Dr. Michael White runs an Evidence-based Practice Center funded by the Agency for Healthcare Research and Quality and is here to describe the work that the agency conducts and its value to the healthcare system.
There are 13 Evidence-based Practice Centers designated and funded by the Agency for Healthcare Research and Quality. Aside from ours at UCONN they have them in places like Brown, John’s Hopkins, Duke, and Vanderbilt. We help healthcare decision makers, clinicians, payors, and patients make quality decisions by assessing the studies comparing treatment options and determining which options are more effective and safer than others, rate the strength of evidence, and determine which populations the research was conducted in and which populations were left out. Without this information it hard to make rational therapy choices.
One of the projects we completed looked at the use of human growth hormone therapy in children with cystic fibrosis. Payors were reluctant to pay for an expensive drug just to help these children with cystic fibrosis grow taller but when we put all the available evidence together we found that it also reduced the risk of hospitalizations due to infections. If the kids were more normal sized their lungs were bigger and regular lung infections were less likely to drive them into the hospital. Many payors now provide this coverage for patients. In another project, we looked at the impact of blood transfusions on the risk of organ rejection in people getting kidney transplants. Some clinicians were pressuring Medicare to cover a very expensive drug called erythropoietin instead of blood transfusions because they said transfusions might increase the risk of organ rejection. We found that the data was generally weak for making any clear determination and if anything, the evidence suggested that transfusions had no effect on organ rejection rates. Only an unbiased and scientifically rigorous outside group can make these determinations and that is what the Evidence-based Practice Centers do.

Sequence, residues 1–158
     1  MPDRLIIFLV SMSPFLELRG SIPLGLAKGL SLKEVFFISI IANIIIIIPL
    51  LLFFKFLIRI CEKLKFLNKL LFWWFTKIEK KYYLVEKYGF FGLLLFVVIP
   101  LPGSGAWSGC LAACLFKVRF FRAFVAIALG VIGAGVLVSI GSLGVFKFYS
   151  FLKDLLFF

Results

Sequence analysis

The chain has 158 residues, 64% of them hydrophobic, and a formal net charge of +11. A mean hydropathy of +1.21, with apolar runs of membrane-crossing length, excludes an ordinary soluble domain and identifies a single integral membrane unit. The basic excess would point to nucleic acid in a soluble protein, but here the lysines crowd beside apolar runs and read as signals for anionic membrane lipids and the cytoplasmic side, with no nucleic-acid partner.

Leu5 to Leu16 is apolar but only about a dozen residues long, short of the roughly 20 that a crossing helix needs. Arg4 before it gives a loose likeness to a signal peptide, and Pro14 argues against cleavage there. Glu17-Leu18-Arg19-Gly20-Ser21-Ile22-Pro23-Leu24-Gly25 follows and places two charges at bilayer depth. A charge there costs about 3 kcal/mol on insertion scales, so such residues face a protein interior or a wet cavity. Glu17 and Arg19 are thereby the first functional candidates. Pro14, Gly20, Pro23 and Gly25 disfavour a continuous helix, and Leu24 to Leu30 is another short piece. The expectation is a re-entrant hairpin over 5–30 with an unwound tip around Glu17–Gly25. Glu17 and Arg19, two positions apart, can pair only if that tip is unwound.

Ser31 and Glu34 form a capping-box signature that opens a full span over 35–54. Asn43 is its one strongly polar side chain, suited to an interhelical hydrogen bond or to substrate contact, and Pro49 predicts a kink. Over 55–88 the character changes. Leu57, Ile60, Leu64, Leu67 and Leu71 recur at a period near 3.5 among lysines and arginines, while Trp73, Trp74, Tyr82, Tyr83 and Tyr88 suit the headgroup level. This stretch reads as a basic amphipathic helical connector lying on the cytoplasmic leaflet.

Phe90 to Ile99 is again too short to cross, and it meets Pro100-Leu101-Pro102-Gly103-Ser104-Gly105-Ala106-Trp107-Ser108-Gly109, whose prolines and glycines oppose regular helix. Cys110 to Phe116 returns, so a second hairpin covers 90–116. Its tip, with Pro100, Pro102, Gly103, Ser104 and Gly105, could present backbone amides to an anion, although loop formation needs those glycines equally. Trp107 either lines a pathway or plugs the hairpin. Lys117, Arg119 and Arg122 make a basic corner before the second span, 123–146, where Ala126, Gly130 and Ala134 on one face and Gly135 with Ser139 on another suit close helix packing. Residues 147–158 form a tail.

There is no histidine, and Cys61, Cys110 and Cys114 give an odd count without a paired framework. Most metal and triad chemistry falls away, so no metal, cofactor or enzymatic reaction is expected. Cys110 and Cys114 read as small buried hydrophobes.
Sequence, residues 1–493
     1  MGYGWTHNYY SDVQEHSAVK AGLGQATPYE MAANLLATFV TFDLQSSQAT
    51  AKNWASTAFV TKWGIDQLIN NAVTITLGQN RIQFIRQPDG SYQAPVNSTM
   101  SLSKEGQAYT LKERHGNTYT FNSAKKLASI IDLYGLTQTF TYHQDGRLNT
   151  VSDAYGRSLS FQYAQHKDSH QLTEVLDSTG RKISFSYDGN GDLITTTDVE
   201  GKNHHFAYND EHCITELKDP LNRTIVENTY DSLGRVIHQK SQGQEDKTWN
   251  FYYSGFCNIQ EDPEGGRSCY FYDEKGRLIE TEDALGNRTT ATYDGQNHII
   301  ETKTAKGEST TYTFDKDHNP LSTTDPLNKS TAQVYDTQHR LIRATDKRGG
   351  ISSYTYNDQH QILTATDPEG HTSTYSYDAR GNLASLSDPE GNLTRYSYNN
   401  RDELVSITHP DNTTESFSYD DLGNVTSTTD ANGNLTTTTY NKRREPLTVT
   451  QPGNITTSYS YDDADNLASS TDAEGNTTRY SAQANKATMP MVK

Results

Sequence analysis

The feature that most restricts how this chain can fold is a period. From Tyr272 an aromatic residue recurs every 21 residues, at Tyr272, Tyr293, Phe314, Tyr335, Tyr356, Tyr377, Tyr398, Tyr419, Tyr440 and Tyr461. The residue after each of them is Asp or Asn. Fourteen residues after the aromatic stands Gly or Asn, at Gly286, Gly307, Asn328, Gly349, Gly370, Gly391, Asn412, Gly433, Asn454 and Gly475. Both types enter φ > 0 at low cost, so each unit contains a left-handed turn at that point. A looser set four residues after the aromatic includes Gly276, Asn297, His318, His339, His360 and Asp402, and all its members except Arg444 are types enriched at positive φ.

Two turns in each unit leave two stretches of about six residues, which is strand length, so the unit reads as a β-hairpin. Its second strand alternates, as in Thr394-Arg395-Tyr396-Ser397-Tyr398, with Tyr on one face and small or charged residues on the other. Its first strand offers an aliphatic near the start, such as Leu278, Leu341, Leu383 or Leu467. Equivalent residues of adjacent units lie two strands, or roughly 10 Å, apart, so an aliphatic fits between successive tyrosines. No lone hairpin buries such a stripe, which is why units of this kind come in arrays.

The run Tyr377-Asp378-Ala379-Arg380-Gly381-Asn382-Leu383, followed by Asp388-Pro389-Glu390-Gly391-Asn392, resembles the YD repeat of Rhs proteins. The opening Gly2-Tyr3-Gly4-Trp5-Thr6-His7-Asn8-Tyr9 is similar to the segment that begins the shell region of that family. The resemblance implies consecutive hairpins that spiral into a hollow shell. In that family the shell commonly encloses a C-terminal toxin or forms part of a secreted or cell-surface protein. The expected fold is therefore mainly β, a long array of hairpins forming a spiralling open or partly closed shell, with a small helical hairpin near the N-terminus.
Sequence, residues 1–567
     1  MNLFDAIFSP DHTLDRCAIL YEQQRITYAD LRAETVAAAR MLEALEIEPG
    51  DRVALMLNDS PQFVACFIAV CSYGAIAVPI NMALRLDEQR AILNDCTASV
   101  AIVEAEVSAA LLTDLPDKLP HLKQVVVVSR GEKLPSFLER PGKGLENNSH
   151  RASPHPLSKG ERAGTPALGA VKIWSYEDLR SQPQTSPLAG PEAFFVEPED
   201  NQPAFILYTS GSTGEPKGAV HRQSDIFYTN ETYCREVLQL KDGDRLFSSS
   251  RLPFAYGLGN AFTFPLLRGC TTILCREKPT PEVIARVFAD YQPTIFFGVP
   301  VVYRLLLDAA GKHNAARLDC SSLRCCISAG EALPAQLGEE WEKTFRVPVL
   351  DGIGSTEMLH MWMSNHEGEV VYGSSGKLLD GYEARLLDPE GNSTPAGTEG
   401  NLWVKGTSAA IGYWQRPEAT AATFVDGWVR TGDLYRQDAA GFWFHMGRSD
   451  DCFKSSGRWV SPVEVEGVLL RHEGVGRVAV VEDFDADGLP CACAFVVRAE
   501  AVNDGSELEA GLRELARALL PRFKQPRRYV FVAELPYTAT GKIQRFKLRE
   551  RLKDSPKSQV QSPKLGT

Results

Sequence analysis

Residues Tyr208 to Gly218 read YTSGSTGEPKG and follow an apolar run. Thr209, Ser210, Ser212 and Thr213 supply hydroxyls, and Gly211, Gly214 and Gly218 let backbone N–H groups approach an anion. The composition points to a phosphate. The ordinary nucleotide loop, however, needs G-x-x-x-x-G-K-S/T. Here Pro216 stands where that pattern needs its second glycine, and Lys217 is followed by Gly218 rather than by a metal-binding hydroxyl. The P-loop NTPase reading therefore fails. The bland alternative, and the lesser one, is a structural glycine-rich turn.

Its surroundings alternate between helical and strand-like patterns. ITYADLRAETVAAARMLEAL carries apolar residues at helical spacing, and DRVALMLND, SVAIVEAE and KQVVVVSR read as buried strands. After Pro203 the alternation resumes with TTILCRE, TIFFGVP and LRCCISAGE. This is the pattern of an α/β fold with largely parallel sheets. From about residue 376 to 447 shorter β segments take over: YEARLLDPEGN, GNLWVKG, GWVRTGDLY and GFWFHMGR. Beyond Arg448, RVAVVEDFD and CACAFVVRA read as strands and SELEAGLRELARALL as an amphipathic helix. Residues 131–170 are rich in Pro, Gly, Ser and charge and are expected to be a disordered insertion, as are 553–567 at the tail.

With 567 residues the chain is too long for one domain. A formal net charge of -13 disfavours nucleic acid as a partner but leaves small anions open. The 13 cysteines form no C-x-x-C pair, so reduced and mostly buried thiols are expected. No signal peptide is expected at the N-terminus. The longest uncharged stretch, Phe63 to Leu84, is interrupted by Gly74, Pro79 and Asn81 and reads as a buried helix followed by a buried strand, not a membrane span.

Rosa DeLauro has been a strong supporter of funding for the Agency for Healthcare Research and Quality saying that cuts to the program is “penny wise and pound foolish.”
Without this information it is difficult to have sensible discussions about which options are best for patients and which patients will benefit the most. The medical literature is so large that it is impossible for a single doctor or patient with the disease to keep up and have the best quality care. There are large negative financial implications of cutting funding for the Agency for Healthcare Research and Quality but this transcends dollars and cents and goes to supporting optimal care for patients.
Michael White; Dept. Of Pharmacy Practice, UConn School of Pharmacy